Where were all the great adventure books for kids when we were growing up? I'm talking about books for the 10-14 year old reader. I'm talking about stories we could have identified with when we were that age. A difficult age. Not really a child but not an adult. There have always been lots of stories for little kids. What happened to the interesting books when we were in fifth through ninth grades?
The adults in our lives told us to read or gave us books like Robinson Crusoe, Robin Hood, Little Women—classics that were written long before our time and in a manner that required so much concentration we lost sight of the story. Where were the books written in our time? The only ones I remember were stories about teen girls in early Michigan by Elizabeth Howard, like Peddlar's Girl and North Winds Blow Free.
Maybe there were other books written then that I knew nothing about. We lived in a rural area where the library for our school (2 whole classrooms for K-8th grades) consisted of a 3-shelf bookcase in each room. The public library was ten miles away. The county bookmobile came to our school once a month, I think, or maybe twice. My grandmother always sent a book for birthdays and Christmas. I know she meant well, but the books were the above-mentioned classics that never held my interest. While I enjoyed my mom's Nancy Drew collection, the books were written in the 1930s—more than a little before my time. A rumble seat? Ri-ight. I could really identify with that.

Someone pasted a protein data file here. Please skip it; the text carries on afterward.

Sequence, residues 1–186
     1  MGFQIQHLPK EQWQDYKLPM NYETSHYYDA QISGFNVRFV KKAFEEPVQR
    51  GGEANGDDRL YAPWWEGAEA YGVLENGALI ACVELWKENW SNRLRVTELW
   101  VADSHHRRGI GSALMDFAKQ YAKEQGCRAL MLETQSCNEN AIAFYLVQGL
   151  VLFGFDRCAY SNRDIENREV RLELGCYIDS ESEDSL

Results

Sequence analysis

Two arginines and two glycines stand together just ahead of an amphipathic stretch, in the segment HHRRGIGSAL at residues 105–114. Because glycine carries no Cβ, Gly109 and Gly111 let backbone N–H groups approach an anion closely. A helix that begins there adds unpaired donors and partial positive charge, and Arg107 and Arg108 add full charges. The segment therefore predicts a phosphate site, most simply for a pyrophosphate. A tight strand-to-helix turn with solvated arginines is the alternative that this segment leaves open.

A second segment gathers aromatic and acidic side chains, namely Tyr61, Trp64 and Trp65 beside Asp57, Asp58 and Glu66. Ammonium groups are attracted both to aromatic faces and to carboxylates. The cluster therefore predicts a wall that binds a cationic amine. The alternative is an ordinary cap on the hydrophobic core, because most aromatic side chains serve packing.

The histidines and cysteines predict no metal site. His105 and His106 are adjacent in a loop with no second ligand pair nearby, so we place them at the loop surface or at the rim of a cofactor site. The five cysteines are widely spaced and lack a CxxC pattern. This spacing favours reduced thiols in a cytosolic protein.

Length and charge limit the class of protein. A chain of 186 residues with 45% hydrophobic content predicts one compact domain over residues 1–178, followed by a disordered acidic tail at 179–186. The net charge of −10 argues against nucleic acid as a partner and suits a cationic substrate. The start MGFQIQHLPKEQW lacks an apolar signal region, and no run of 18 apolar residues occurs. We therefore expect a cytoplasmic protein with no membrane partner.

Where were the Harry Potters, the Katniss Everdeens, the Percy Jacksons, the Gallagher Girls? Today's books have characters who act and sound like contemporary kids. They have fantastic adventures. Their lives have at least a touch of reality that the reader can identify with. More than anything, though, I think it's the voice in which the stories are written that captures the reader's attention. The classics were written in the style of their time—the 1800s. They weren't classics then. They were just good stories. Then.
I am fascinated by all the books available for kids today. How to choose what to read next must be a problem for them. What a problem to have! Maybe an interested teacher or librarian who knows a kid well enough will recommend one—the way the bookmobile librarian did for me with the Elizabeth Howard books. More likely, it's one of their friends saying, "Hey, you gotta read this."
How I envy them this wealth of books. Or not. I can read those books, too.
What books do you remember from your pre- or early teen years?